London: Muslims are living in a different world, be it in New Delhi or London. When right activists, people from different walks of life, journalists, students came out to protest against mob lynchings, bogey of ‘love-jihad’, killings of innocents in the name of cow and hate mongering, Muslims in Delhi found solace in relaxing at their homes.
During protest against Hindutva brigade at Jantar Mantar , Parliamant Street, Haryana Bhavan or UP Bhavan or dharna (sit-in) outside CBI headquarters against the mysterious disappearance of Jawaharlal Nehru University (JNU) student Najeeb Ahmad, one community that was found missing was Maulana’s (cleric’s).
The same scene was witnessed in London as well on Republic Day evening. The Indian diaspora, instead of hosting and participating in festivities, mark the celebrations by staging a protest against Hindutva attacks on minorities and Dalits in India.
Braving chilly wind and freezing cold, several activists gathered outside the India House and shouted anti-Hindutva slogans. They carried large portraits of the victims of Hindutva terror – including Gauri Lankesh, Akhkaq, Pehlu Khan, Junaid, Rohith Vemula and others.
The protesters through their playcards also soght to know ‘who killed Justice Loya?’
In the protest organised by South Asia Solidarity Group (SASG), the agitators strongly condemned the horrific violence against Muslims and Dalits that have escalated under the Modi government.
It was sad but not surprising that the representation of Muslims in the protest was almost nil. There are big Islamic centres and organisations run by Indian Muslims in various parts of the United Kingdom. And it’s not that the representatives of these organisations are indifferent towards the escalating violence against their brethren in India. They certainly want to raise their voices against these crimes, but it appears as if they want others to vent their anger on their behalf. This is difficult to say whether this is simply because of fear or something else.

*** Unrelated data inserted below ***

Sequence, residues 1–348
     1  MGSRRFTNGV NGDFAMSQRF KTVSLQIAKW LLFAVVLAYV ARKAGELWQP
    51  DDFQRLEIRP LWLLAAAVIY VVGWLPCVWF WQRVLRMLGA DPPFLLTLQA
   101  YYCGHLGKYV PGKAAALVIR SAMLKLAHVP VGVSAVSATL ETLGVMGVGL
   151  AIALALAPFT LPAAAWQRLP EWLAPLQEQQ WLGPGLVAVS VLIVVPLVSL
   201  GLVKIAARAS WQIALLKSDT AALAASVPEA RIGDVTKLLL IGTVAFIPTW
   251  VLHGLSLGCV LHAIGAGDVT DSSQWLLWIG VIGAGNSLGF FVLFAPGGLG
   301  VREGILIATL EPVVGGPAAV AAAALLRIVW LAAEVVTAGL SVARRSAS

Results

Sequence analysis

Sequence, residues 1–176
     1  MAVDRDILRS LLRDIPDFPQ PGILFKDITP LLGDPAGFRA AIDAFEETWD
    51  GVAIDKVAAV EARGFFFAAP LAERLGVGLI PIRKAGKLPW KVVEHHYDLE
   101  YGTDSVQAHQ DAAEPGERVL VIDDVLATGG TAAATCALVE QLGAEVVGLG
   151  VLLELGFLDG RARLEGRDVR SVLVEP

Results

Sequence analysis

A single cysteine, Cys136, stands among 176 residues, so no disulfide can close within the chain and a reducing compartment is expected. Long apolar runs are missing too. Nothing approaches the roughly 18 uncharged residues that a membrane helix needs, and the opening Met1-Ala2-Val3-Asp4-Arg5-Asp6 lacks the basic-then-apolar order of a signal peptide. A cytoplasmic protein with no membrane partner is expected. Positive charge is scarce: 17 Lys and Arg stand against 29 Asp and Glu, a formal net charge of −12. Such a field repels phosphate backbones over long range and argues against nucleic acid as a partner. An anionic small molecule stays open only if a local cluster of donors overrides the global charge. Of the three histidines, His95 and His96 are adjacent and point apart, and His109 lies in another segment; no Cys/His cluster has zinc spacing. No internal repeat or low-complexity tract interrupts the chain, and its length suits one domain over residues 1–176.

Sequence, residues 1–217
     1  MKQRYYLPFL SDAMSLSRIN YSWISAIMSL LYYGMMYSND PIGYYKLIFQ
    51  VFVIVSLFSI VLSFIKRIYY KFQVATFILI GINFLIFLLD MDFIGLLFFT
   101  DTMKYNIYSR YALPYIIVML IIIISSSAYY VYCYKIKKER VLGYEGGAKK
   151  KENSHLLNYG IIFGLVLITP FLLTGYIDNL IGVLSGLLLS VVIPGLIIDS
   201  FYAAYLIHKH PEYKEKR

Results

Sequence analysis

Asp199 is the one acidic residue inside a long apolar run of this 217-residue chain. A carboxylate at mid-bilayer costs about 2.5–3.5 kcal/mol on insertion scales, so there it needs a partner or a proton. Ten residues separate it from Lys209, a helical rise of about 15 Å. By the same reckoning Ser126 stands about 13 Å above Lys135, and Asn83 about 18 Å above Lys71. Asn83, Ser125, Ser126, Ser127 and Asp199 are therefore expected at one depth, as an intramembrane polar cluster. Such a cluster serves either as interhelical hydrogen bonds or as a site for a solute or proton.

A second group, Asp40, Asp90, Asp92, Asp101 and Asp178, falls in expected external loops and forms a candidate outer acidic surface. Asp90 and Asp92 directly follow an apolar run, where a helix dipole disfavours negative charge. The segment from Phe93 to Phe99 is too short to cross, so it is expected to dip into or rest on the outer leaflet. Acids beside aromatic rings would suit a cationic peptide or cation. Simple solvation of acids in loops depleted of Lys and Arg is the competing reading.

Majority of Indian Muslims in the United Kingdom come from Gujarat; most of whom have their inclination towards Tableeghi Jamaat. However, this would be sheer injustice to put the blame of their inaction on their affiliation with a particular organisation because the attitude of those coming from other Indian states and belonging to various religious groups is not any different.
Hindutva groups, on the other hand, are active at every level. They lobbied and succeeded in having the un-announced ban on British visa to Modi imposed in the wake of Gujarat riots of 2002. A leaked report of the British High Commission on these riots had said that it had gone as far as saying that these riots had the “hallmarks of ethnic cleansing and that reconciliation between Hindus and Muslims is impossible while the chief minister remains in power”.
Ironically when the Indian diaspora (mostly non-Muslims) were protesting, followers of Mahmood Madani were hosting an evening dinner at an Islamic Centre in his honour.
Source: Muslim Mirror